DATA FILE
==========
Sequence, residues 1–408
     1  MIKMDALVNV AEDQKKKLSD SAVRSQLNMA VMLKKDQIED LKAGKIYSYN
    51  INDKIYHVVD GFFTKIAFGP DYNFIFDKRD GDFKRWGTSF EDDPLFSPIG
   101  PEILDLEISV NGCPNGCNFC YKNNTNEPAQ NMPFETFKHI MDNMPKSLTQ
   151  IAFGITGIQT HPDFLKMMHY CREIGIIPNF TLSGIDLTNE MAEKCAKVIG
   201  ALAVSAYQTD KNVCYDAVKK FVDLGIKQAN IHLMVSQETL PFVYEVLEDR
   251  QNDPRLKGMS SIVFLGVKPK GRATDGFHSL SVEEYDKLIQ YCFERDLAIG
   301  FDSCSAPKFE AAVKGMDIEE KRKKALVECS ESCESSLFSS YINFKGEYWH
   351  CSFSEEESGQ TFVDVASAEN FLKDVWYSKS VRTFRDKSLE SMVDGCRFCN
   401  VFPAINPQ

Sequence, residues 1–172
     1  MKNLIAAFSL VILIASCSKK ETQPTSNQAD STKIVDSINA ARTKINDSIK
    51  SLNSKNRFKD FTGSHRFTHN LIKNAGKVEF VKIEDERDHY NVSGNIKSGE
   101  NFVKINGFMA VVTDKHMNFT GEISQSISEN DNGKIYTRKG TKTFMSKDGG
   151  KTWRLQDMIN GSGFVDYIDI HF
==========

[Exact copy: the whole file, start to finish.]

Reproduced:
Sequence, residues 1–408
     1  MIKMDALVNV AEDQKKKLSD SAVRSQLNMA VMLKKDQIED LKAGKIYSYN
    51  INDKIYHVVD GFFTKIAFGP DYNFIFDKRD GDFKRWGTSF EDDPLFSPIG
   101  PEILDLEISV NGCPNGCNFC YKNNTNEPAQ NMPFETFKHI MDNMPKSLTQ
   151  IAFGITGIQT HPDFLKMMHY CREIGIIPNF TLSGIDLTNE MAEKCAKVIG
   201  ALAVSAYQTD KNVCYDAVKK FVDLGIKQAN IHLMVSQETL PFVYEVLEDR
   251  QNDPRLKGMS SIVFLGVKPK GRATDGFHSL SVEEYDKLIQ YCFERDLAIG
   301  FDSCSAPKFE AAVKGMDIEE KRKKALVECS ESCESSLFSS YINFKGEYWH
   351  CSFSEEESGQ TFVDVASAEN FLKDVWYSKS VRTFRDKSLE SMVDGCRFCN
   401  VFPAINPQ

Sequence, residues 1–172
     1  MKNLIAAFSL VILIASCSKK ETQPTSNQAD STKIVDSINA ARTKINDSIK
    51  SLNSKNRFKD FTGSHRFTHN LIKNAGKVEF VKIEDERDHY NVSGNIKSGE
   101  NFVKINGFMA VVTDKHMNFT GEISQSISEN DNGKIYTRKG TKTFMSKDGG
   151  KTWRLQDMIN GSGFVDYIDI HF